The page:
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The Independent project

Check out The Independent Project's video. It will be 15 minutes you won't regret.

In the age of Facebook and Twitter feeds, most of us have developed a certain survival mechanism around selecting which pieces of media we consume. I mean by this, that since we simply can't read every article, watch every video or listen to every song that pops up on our Facebook feeds or on our favourite blogs, that we learn how to make quick judgments. Watch this. Skip that. And so on.

When I came across this video, on a friend's Facebook wall, about a project by a group of high school students in Massachusetts, I almost chose to skip it. 15 minutes seemed kind of long. But I liked the name of the project and was pulled in by the simple caption that accompanies the video: This year, I was part of a pilot program at my public school. So I watched.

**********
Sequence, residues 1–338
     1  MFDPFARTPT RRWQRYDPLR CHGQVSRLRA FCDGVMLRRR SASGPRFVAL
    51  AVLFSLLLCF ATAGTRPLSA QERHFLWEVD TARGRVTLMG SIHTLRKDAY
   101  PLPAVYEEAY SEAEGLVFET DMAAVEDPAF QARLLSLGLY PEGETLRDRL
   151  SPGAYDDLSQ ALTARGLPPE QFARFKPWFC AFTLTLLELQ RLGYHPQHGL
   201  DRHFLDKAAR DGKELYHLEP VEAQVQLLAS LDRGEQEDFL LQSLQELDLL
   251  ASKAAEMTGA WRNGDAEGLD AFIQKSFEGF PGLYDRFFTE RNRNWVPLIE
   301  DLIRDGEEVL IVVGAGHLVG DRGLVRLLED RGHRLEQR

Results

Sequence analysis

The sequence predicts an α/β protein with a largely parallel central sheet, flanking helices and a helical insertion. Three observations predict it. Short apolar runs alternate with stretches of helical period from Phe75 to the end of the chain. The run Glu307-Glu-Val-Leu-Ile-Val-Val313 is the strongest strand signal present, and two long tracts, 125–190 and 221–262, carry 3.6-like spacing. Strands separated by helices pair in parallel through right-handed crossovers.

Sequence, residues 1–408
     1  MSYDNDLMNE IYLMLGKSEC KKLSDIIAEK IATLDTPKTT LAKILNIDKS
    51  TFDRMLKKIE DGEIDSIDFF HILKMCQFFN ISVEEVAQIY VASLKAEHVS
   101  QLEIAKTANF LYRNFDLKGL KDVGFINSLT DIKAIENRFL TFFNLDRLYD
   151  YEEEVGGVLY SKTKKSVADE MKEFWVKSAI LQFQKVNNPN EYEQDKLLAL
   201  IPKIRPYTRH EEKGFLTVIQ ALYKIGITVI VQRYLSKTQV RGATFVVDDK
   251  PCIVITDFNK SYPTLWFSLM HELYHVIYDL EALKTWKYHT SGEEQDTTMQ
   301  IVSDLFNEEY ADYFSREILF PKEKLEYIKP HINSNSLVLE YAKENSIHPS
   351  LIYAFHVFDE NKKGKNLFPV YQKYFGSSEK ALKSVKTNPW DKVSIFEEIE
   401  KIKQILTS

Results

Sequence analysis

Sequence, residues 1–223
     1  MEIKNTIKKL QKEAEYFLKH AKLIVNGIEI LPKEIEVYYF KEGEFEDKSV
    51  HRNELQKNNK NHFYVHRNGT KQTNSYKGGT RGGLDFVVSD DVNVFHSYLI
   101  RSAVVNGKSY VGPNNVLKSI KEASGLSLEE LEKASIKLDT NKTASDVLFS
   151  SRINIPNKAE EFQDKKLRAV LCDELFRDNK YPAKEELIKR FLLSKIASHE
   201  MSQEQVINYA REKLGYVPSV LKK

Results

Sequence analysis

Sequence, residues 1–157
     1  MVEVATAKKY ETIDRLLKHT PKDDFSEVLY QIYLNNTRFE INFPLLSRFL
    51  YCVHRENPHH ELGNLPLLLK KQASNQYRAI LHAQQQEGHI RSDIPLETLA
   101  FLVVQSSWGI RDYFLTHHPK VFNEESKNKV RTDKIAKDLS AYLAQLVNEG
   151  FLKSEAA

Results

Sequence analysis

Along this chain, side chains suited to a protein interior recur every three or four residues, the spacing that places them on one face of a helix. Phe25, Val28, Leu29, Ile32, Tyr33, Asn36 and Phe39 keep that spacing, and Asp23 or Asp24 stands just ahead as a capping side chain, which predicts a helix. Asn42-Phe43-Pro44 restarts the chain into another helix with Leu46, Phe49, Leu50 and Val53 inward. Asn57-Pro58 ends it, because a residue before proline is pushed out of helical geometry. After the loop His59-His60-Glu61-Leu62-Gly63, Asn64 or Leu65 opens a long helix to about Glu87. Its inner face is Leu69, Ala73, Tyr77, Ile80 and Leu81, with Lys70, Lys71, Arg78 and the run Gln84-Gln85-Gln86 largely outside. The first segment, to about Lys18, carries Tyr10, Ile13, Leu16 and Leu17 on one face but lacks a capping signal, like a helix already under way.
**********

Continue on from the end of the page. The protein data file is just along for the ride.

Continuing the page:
The Independent Project is an experiment in non-formal education run inside one of the most formal educational environments anywhere: an American public high school. The story is quite simple. A group of 15 to 17 year-old students got fed up at school. They didn't feel challenged or creatively stimulated, and they knew their peers felt the same way. But rather than resigning themselves to a rhythmic, passive life of just showing up, they did something about it. They created their own school within a school: an alternative, student-driven learning programme that would bring back the creativity, curiosity, and love for learning they had been missing.

I watched this 15-minute video in what felt like five. To me, these students and their project embody two important ideas that resonate with Mosaic. Firstly, the have embraced the idea that creating meaningful change begins in the most local of communities (in this case, the micro-community of a public school). Second, they understand that being young people does not mean waiting to be "leaders of tomorrow", but instead taking transformative action today.
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